Geothermal energy slide showPresentation Transcript
Past ,Present and Future
Geothermal energy has been used in its most simple form of producing hot water for centuries. Both humans and animals have used natural hot springs for cleanliness and warmth. 1: Japanese Macaca’s enjoying a Mountain hot spring.The water in these hot springs is heated by volcanic activity deep in theearth.
The father of modern Geothermal energy , Piero Ginori Conti was the director of a company started by his grand father-in-law in the field of boric acid extraction. Piero took his new company in a different direction, with the first geothermal generator . This generator was first run in 1904 in the Tuscan village of Larderello Italy . How ever this was not an entirely new concept. The use of geothermal heat to extract boric acid was common place in the 1800’s. Geothermal energy as we know it, is an adaptation of an old concept for a more modern application.
The first actual geothermal generator was developed by Piero Ginori Pirelli and was only used to power a small hand full of period light bulbs but it was the start of all geothermal energy as we know it.
The graph shown represents the amount of geothermal energy produced in the first 100 years of its existence, in mega Watts of energy per year. A mega Watt is one million Watts.
The first and most common type of geothermal energy generator was invented in New Zealand and is called a flash steam power plant, it is the most common form of geothermal plant because most sources of geothermal energy are hot water reservoir.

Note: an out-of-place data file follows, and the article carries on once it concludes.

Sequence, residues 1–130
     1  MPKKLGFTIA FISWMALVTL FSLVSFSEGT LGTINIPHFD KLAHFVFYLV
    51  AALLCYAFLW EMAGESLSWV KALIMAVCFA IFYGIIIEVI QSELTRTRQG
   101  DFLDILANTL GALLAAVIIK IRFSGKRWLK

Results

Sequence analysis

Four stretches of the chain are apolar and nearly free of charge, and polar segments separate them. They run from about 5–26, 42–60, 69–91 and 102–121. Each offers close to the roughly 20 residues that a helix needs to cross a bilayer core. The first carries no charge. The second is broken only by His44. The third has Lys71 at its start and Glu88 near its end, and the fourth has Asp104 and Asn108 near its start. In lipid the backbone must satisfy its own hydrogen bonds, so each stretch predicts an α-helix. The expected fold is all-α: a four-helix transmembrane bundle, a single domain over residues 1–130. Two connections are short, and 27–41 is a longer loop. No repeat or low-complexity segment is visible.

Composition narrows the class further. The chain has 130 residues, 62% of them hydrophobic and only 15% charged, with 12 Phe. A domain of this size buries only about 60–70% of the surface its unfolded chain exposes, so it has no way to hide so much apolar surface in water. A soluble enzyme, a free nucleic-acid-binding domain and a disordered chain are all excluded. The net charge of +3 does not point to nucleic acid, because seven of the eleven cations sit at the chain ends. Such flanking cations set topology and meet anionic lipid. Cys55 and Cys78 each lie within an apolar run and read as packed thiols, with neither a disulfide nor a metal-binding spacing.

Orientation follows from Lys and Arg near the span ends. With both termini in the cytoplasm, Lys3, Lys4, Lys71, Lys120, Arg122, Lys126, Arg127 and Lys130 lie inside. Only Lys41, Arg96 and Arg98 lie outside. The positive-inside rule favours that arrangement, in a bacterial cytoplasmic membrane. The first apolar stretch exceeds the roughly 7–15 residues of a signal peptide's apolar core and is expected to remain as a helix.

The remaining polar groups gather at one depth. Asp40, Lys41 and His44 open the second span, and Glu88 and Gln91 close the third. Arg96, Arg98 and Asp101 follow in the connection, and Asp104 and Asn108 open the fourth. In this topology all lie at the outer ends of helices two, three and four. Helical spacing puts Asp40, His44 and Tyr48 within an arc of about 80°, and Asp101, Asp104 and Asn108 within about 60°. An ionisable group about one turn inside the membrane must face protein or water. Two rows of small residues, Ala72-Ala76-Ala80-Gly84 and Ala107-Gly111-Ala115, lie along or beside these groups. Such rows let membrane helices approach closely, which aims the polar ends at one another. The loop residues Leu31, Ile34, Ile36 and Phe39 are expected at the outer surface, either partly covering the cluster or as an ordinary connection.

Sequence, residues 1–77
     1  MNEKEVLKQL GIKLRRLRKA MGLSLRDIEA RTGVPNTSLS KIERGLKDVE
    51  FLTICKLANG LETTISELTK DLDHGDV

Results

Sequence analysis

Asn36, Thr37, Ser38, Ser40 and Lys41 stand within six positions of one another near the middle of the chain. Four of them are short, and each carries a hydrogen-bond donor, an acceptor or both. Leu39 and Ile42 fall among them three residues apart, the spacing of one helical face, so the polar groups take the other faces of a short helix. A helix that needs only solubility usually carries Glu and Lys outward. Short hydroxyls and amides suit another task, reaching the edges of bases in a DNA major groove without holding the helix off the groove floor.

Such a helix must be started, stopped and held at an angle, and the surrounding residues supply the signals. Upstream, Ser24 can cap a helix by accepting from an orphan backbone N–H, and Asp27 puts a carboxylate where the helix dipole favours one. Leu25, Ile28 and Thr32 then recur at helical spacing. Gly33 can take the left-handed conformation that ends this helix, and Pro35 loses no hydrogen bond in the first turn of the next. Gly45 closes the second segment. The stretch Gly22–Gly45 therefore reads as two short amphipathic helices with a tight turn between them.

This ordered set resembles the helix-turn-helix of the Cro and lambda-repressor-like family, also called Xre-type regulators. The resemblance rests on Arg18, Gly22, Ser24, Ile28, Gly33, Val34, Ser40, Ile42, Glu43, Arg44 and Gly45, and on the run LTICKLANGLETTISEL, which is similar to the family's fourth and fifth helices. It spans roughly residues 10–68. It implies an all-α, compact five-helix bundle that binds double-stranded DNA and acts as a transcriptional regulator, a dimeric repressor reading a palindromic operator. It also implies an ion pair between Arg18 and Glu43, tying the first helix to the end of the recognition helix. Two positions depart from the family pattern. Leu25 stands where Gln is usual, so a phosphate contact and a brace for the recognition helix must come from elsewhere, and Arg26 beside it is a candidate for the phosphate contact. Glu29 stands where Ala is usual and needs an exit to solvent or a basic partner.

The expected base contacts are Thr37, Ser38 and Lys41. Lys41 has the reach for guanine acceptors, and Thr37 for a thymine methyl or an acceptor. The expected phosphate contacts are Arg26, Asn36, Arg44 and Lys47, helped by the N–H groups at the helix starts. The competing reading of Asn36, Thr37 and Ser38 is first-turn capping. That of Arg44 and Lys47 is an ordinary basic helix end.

The following video will show a much more in depth look at how a flash steam generator works, and how conservation methods are used to ensure that geothermal reservoirs are not depleted.
The second and currently less common form of geothermal energy production is called a Binary Cycle Power Plant, this form of generator uses geothermal energy to heat liquid in a separate cycle through a heat sink This form of geothermal energy production uses cooler reservoirs of water to produce electricity, allowing to build geothermal plants where it was previously thought to be impractical.
Although there have been many advances in the technology used to produce geothermal energy, it is still hampered by several limitations. The first limitation would be that, the super heated liquid used to create geothermal energy can be transported generally no more than 2 miles or 3.2 kilometers. The second limitation of geothermal energy is caused by the first limitation and the fact that most geothermal reservoirs are located in rural areas, this means that it is very difficult to get the energy produced on to the power grid because most power lines that are currently in use are near capacity, meaning that to introduce more electricity more power lines must be constructed or upgraded. Upgrading power transmission lines is costly. Most limitations of geothermal energy production relate more to infrastructure shortcomings rather than actual stumbling blocks in the technological aspects of the industry.
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